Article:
Friday, 28 November 2008

Lateral Thinking

I hate the Drake equation. Actually, maybe that's a little harsh. As I understand it, the intent was never to actually calculate how many intelligent alien cultures there are bumbling around our galaxy, but more to ascertain exactly what unknowns would be required to work such a thing out. Since several of these unknowns are pretty much massively fucking unknowable, though, the Drake equation essentially consists of someone very, very smart shrugging their shoulders. I really don't need to see the working out to know we're not in a position to work out the expected number of sentient extra-terrestrial species, thanks.

There are other things that can be considered instead. Take this idea, for example. Since every star system can be more or less considered independent of every other (or so Pause tells me, though he did remind me about panspermia), there are a finite number of them, and every system either will or won't include "life" (however one chooses to define it), we already have three of the four conditions necessary to model the number of inhabited star systems by a binomial distribution.

The fourth condition, that the probability of a system supporting life is the same no matter what system you are considering, is where we get into trouble. Firstly, and this is where the Drake equation got scuppered, we can't possibly calculate that probability at this stage in our scientific advancement. The variables are too many and too complex, and we only have one data point (us) with which to work with.

This is why we need to work backwards. Instead of trying to (more or less) arbitrarily assign a value to this probability, why not use what we do know (the number of stellar systems in the Milky Way) to work out what that probability would have to be before we would be more likely to be alone than not.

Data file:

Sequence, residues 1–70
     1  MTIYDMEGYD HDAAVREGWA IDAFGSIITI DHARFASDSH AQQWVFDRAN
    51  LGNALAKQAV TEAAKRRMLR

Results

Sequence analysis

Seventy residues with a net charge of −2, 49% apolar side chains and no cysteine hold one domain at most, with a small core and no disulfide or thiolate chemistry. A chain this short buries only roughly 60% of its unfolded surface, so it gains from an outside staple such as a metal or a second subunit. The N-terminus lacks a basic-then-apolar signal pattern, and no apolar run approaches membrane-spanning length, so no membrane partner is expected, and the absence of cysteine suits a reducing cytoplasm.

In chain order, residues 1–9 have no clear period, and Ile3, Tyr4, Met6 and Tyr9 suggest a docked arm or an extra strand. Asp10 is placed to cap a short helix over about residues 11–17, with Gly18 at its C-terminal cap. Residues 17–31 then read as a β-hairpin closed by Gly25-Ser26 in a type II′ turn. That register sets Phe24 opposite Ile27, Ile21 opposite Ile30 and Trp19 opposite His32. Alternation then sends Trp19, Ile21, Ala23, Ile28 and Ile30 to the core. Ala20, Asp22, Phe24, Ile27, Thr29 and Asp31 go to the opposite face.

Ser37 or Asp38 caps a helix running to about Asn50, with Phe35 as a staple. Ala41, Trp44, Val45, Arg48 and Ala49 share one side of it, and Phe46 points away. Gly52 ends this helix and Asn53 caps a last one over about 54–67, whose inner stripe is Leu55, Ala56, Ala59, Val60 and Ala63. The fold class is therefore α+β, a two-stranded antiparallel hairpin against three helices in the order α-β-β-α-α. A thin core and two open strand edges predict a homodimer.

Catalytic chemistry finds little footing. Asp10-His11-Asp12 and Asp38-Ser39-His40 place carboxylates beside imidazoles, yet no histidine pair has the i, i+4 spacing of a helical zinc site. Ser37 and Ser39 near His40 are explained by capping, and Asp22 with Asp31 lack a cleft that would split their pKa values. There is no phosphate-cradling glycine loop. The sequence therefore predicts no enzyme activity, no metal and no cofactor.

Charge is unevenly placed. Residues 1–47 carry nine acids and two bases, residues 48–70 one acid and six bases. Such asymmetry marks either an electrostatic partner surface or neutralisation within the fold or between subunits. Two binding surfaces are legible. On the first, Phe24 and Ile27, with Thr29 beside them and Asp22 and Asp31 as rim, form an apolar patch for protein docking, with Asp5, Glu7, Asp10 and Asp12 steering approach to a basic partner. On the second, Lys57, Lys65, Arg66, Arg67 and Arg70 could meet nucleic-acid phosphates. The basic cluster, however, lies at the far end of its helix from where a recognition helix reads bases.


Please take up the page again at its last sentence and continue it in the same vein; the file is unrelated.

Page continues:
The other problem with this approach is that it's patently ridiculous to assume that each system has an equal chance of supporting life. We'll just have to muddle through with some nebulous concept of "average" probability, and hope no-one asks awkward questions.

I am reliably informed (by Pause, again) that there are something like 100 000 000 000 stellar systems in our galaxy. We'll call our unknown probability p. We're thus considering X~Bin(100 000 000 000,p). Substituting that into the the binomial equation tells us that, for a given p, the probability that there is more than one stellar system supporting life (we already know there's at least one) is:

1-(1+99999999999p)(1-p)^99999999999

In other words, p has to be less than 0.0000000000169 before it's more likely than not that we're alone out there.

This, of course, isn't the full story. Technically we should be considering the conditional probability that there is at least two life-bearing systems given that there is at least one. That gives a new bound for p; now it has to be less than 0.0000000000126 before the odds are we're all alone in the night. [1]

That's about five thousand times less likely than winning the lottery on your first ticket. Depressingly, that doesn't really seem too outrageously low, considering all the factors involved. I'm not really one for biology, though, so I suggest you draw your own conclusions.

Update: Pause points out in comments that xkcd isn't a big fan of the Drake equation either.

[1] It has to be said that things get more complicated when we realise that the only reason we can perform this analysis in the first place is because we're already here, i.e. we ourselves are a product of the observed data. Frankly, though, it's too much of a headache to go into the implications of that, at least for now.

1 comment:

Pause said...

Am slightly disappointed the first link went to Wikipedia and not xkcd. Damn your ever-so-slightly responsible ways.